The only two men who have led the Manhattan district attorney’s office over the last 45 years were scions of the establishment, leading the country’s most prominent local prosecutor’s office with a traditional emphasis on fighting crime.
Yet Eliza Orlins, Tahanie Aboushi and Dan Quart, three candidates running to be the next district attorney, have consistently argued that if voters want the criminal justice system to change, they should be wary of anyone who has ties to the establishment — or any experience at all as a prosecutor.
In cities around the country, a wave of prosecutorial candidates has won elections by pledging to do less harm to defendants who commit low-level crimes. The nonprosecutorial candidates in Manhattan have taken up that argument, and advanced it, adding that only a leader whose perspective is unblemished by a history of putting people behind bars can make the system less punitive and less racist.
But with a week to go in the race, the trio of candidates have lagged in the fund-raising battle and in available surveys. They have had a hard time distinguishing themselves from one another, and from former prosecutors like Alvin Bragg and Lucy Lang, who have also pledged to help end mass incarceration while arguing that their experience will help them enact change.
Some observers say that the trio’s unilateral criticism of prosecutors has been detrimental to the public’s understanding of the race. Zephyr Teachout, the anticorruption activist, has said that just because Mr. Bragg, whom she has endorsed, has been a prosecutor does not mean that he is not a reformer.
“Some people want to say basically that if you’re a prosecutor you have no business here,” said Ms. Teachout. “This is just nonsense.”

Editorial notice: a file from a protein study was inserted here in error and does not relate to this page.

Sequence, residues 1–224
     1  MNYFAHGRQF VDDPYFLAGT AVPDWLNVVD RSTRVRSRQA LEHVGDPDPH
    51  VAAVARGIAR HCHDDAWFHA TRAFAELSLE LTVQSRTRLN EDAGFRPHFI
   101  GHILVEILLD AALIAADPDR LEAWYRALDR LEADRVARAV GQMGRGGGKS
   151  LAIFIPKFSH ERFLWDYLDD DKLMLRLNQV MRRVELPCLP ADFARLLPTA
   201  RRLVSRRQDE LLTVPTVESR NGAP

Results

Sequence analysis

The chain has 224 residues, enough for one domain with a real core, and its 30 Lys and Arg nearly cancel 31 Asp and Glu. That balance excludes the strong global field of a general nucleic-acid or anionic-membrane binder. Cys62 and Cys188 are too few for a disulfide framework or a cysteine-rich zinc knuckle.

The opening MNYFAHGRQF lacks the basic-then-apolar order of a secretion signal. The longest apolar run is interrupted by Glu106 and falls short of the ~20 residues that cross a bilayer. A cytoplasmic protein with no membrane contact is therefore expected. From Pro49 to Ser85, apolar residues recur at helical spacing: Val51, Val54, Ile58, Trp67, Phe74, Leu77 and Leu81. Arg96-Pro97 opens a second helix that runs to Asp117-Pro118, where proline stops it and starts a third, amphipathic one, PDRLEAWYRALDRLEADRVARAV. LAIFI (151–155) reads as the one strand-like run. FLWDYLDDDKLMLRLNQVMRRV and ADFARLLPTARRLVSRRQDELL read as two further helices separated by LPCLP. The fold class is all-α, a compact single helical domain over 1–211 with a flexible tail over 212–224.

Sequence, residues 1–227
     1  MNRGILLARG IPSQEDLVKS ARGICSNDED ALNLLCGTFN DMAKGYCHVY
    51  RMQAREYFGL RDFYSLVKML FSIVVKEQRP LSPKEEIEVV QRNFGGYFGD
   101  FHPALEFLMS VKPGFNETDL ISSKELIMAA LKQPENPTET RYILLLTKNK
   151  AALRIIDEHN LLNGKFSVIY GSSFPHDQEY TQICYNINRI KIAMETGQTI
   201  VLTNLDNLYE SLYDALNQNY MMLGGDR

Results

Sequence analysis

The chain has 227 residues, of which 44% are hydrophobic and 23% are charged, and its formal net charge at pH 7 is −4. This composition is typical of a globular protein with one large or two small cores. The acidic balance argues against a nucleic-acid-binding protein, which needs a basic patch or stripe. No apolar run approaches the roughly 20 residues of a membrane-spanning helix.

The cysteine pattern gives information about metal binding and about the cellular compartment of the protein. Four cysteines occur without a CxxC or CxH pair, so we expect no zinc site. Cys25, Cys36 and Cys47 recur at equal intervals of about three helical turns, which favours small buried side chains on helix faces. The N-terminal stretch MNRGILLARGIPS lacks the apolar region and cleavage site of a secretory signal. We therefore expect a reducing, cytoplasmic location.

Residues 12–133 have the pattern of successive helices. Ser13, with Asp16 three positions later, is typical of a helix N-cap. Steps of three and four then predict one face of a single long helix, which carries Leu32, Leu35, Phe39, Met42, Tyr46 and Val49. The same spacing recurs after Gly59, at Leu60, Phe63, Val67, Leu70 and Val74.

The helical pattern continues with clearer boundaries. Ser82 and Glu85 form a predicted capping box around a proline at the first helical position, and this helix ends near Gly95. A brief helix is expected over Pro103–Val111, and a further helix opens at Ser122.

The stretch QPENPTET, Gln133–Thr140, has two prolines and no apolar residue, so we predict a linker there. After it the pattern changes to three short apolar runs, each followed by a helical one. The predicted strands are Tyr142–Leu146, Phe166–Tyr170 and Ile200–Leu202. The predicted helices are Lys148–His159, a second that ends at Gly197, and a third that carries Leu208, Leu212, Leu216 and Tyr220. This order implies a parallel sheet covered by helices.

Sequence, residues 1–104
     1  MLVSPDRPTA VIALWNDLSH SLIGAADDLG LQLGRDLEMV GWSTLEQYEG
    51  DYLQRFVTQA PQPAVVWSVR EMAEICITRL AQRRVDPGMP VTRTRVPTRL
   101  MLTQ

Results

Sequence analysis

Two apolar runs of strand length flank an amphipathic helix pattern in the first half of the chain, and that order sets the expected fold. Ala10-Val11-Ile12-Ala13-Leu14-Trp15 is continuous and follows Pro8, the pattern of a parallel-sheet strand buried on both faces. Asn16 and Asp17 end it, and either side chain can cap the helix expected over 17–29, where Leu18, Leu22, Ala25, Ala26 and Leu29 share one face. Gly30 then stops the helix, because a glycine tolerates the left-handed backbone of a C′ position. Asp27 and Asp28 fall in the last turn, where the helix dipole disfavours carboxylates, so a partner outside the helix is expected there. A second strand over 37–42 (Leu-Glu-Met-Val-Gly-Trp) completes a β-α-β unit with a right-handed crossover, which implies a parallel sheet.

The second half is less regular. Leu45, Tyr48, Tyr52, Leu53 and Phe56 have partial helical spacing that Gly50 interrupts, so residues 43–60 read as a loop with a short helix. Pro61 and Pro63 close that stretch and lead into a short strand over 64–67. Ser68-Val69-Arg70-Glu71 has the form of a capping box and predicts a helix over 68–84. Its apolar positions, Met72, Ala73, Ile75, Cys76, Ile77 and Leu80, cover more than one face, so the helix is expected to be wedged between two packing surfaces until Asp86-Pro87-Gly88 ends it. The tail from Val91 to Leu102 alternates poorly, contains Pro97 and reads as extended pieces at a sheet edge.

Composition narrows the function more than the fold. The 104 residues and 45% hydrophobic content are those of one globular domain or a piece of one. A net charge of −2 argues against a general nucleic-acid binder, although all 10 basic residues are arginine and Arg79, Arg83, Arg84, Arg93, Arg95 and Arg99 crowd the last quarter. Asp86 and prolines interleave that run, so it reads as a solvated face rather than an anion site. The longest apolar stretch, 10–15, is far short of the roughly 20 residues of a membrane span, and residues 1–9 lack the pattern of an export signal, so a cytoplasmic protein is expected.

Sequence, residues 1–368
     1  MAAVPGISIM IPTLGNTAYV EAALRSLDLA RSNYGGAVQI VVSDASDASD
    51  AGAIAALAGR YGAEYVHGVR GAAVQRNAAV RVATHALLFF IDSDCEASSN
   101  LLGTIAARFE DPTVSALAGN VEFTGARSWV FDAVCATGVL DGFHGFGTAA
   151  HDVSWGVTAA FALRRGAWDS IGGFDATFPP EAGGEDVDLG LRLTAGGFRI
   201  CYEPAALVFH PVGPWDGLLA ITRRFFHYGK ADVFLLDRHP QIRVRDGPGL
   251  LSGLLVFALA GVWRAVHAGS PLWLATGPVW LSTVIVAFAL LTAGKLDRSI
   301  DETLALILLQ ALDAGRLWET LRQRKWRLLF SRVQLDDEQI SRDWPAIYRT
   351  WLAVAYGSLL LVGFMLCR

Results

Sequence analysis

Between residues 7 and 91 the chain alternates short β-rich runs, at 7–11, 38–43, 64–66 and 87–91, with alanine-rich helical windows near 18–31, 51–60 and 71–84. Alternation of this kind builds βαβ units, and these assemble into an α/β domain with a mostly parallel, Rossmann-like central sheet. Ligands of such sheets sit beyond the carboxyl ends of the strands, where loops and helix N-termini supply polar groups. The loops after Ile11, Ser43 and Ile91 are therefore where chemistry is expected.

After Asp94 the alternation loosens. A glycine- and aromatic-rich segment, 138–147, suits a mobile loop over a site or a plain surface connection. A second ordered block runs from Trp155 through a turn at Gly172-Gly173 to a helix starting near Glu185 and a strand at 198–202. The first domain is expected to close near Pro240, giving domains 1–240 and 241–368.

All three candidates have sought to claim the mantle of one of the country’s most prominent progressive prosecutors, Larry Krasner, who when he was first elected Philadelphia district attorney in 2017, had never charged anyone with a crime.
But many of Mr. Krasner’s peers around the country who are considered progressive prosecutors — Kim Foxx in Chicago, Rachael Rollins in Boston, George Gascón in Los Angeles and others — had experience charging crimes before they were elected.
Miriam Krinsky, the executive director of Fair and Just Prosecution, an organization that calls for shrinking the criminal-legal system and increasing transparency, accountability, and fairness, said in an interview that it had become increasingly common for those without any experience to be elected as prosecutors. She cautioned against drawing hard rules about candidates’ past experiences, no matter what they were.
“Just as I would be reluctant to embrace the view that you have to have prosecutorial experience to run a prosecutor’s office, I similarly would reject the view that you can’t achieve reform and run a reform prosecutor’s office if you have been a prosecutor,” she said. “It’s the person. It’s their philosophy. It’s their vision that we should look at.”
‘Rage at Injustice’